See Diagnostic interference.

Diagnostic interference
The following have been selected on the basis of their potential clinical significance (possible effect in parentheses where appropriate)—not necessarily inclusive (» = major clinical significance):

With results of this test

Due to other medications
Probenecid    (concurrent use may decrease kidney uptake of iodohippurate sodium I 131 due to a direct inhibition of the enzyme transport system in the proximal tubule by probenecid {09})


Due to medical problems or conditions
Dehydration    (kidney uptake of iodohippurate sodium I 131 may be reduced and renal transit time may be prolonged {15})

Due to other diagnostic tests
Retrograde pyelogram    (may alter renogram curve; renogram should be performed before or at least 24 hours after this procedure {04})

With other diagnostic test results
Thyroid function determinations and
Thyroid imaging    (Lugol's solution used prior to the administration of iodohippurate sodium I 131 may cause a decrease in radioactive iodine or pertechnetate ion uptake for several weeks)


Medical considerations/Contraindications
The medical considerations/contraindications included have been selected on the basis of their potential clinical significance (reasons given in parentheses where appropriate)— not necessarily inclusive (» = major clinical significance).

See also Diagnostic interference.

Risk-benefit should be considered when the following medical problem exists
Sensitivity to the radiopharmaceutical preparation


Side/Adverse Effects
The following side/adverse effects have been selected on the basis of their potential clinical significance (possible signs and symptoms in parentheses where appropriate)—not necessarily inclusive:

Those indicating need for medical attention
Incidence rare
—not clearly related to iodohippurate sodium I 131    
Fainting
    
nausea or vomiting{15}{17}





Patient Consultation
As an aid to patient consultation, refer to Advice for the Patient, Radiopharmaceuticals (Diagnostic),

In providing consultation, consider emphasizing the following selected information (» = major clinical significance):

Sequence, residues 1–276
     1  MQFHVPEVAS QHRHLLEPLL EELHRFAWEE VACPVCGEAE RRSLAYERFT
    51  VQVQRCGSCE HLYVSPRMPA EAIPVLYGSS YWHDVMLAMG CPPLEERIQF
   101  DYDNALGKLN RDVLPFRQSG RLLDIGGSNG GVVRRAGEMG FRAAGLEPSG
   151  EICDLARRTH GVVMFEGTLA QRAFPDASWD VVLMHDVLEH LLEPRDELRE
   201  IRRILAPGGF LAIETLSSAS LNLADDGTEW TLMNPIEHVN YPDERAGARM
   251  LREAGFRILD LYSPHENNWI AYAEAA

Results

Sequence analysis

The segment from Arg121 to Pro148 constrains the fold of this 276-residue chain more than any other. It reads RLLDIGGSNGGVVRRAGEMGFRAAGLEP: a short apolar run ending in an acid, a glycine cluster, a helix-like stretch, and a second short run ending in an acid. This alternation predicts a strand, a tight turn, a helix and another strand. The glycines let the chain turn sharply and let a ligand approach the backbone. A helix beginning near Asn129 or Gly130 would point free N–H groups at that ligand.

Description of use
Action in the body: Elimination by tubular cell secretion and glomerular filtration

Appearance, concentration, and elimination of iodohippurate sodium I 131 in kidneys allows monitoring and visualization

Small amounts of radioactivity used in diagnosis; radiation received is low and considered safe

Before having this test
»   Conditions affecting use, especially:
Sensitivity to the radiopharmaceutical preparation

Pregnancy—Risk to fetus from radiation exposure as opposed to benefit derived from use should be considered; possibility of hypothyroidism in newborn





Breast-feeding—Iodide I 131 excreted in breast milk; temporary discontinuation of nursing recommended because of risk to infant from radiation exposure





Use in children—Risk from radiation exposure as opposed to benefit derived from use should be considered


Preparation for this test
Special preparatory instructions may apply; patient should inquire in advance {09}


Precautions after having this test:
Possible interference with future thyroid tests



Side/adverse effects
Signs of potential side effects, especially fainting, nausea, or vomiting


General Dosing Information
Radiopharmaceuticals are to be administered only by or under the supervision of physicians who have had extensive training in the safe use and handling of radioactive materials and who are authorized by the Nuclear Regulatory Commission (NRC) or the appropriate Agreement State agency, if required, or, outside the U.S., the appropriate authority. {15} {18}

Approximately 25% of the free iodide content of iodohippurate sodium I 131 is taken up by the thyroid gland following intravenous administration. To help minimize thyroidal uptake of free iodide I 131, a thyroid blocking agent such as a saturated solution of potassium iodide or potassium perchlorate should be given prior to administration of iodohippurate sodium I 131 and for several days afterwards. {01} {05} {10} {15} {17}

To assure adequate urine flow, increased oral intake of fluids is recommended 1 hour prior to the diagnostic procedure, unless contraindicated because of the presence of edema or congestive heart failure. {09} {10}